With rainfall in Northern California reaching historic proportions this winter, Department of Water Resources officials are keeping an eye on the brand-new Oroville Dam spillway, which has a small chance of being used in the near future.
As of Friday, the Oroville Lake water level sat at 775 feet, just short of the water chute gates, which sit at 813 feet. Although it would take a significant 38 foot rise in water to use the spillway, DWR is preparing is staying prepared for an incident.
Up to 5 inches of rain this week could fall on Oroville this week, with more hitting the snowpack in higher elevations, causing runoff into the lake.
Even if the chutes are opened at 813 feet, DWR indicates that flooding would not occur until the water level reaches 835-850 feet. More options include funneling water through the Hyatt Powerplant and turning up the river output to 4,000 cubic feet per second.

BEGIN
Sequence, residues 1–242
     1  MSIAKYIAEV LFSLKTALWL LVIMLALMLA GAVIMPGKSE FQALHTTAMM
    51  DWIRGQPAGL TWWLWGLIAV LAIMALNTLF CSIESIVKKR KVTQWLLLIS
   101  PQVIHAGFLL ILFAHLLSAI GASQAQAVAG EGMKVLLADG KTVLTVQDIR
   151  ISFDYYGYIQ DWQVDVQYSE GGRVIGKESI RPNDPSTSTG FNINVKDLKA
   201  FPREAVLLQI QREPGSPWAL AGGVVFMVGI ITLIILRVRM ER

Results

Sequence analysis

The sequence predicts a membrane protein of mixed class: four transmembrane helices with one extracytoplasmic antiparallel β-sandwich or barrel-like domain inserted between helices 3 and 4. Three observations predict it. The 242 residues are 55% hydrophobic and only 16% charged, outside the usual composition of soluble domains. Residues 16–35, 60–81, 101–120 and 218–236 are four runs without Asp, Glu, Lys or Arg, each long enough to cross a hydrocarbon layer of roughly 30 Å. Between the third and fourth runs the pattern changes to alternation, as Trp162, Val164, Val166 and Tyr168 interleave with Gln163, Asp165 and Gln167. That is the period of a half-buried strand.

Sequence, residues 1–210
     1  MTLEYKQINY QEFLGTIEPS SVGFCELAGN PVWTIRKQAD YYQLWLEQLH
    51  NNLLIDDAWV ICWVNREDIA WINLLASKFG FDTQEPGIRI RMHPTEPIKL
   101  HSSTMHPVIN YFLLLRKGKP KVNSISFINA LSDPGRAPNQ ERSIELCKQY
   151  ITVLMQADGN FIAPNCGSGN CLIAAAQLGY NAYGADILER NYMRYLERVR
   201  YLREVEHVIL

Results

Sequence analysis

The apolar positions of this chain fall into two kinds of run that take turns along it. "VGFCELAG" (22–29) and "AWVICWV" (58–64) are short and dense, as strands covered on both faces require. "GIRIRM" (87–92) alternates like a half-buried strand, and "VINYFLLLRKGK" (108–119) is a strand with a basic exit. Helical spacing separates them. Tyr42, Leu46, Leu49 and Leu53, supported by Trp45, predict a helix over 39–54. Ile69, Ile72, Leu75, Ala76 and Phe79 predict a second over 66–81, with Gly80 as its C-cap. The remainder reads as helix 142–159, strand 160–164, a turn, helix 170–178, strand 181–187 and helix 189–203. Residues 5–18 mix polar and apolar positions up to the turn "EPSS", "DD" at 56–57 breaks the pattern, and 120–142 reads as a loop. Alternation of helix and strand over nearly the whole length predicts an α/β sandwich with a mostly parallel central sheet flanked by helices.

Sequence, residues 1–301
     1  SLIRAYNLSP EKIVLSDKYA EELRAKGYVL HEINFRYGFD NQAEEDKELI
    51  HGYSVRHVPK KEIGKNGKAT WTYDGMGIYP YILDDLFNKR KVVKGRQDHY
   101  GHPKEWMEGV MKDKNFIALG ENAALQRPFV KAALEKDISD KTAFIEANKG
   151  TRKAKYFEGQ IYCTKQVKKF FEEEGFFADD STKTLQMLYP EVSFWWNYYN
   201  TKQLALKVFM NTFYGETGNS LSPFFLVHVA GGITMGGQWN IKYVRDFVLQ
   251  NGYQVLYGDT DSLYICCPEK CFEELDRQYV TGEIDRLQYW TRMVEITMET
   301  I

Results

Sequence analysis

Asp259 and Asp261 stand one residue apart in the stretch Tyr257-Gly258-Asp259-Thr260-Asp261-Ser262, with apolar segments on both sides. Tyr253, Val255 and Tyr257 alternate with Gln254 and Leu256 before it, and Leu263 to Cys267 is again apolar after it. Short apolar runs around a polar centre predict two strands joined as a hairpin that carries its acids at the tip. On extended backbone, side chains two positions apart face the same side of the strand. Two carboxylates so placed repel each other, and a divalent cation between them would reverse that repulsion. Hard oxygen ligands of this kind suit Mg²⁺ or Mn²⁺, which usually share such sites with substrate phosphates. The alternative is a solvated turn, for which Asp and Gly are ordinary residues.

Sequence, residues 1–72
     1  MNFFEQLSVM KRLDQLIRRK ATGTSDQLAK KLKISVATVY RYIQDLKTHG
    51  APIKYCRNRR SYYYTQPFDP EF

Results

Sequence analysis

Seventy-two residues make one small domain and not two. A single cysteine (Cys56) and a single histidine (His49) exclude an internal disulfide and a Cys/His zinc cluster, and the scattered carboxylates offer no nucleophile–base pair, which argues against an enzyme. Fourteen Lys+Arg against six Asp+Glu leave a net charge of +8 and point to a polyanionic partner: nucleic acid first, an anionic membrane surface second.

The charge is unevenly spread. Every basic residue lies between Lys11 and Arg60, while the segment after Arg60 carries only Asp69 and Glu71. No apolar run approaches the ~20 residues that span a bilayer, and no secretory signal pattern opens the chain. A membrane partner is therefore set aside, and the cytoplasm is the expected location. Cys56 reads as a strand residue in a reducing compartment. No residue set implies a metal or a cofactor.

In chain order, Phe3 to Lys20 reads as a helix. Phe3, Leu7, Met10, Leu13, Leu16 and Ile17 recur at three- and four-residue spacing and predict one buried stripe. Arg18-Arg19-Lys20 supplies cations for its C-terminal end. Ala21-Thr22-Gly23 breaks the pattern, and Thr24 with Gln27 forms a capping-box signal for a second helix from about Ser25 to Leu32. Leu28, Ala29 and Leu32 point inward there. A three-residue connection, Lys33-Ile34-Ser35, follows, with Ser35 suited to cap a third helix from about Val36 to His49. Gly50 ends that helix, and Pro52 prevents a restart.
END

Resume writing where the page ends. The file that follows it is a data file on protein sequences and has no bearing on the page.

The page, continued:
The last time the Oroville Dam spillway was used was in February of 2017. During the disastrous water incident, the spillway capsized forcing the evacuations of 180,000 residents in the Butte County area. Since then, the spillway has gone through a $1 billion reconstruction. Construction crews are still putting the finishing touches on the spillway, but assert that it is currently functional.
The dam remains closed but officials indicate it could reopen this summer.
Northern California’s Outdoor Digital Newsmagazine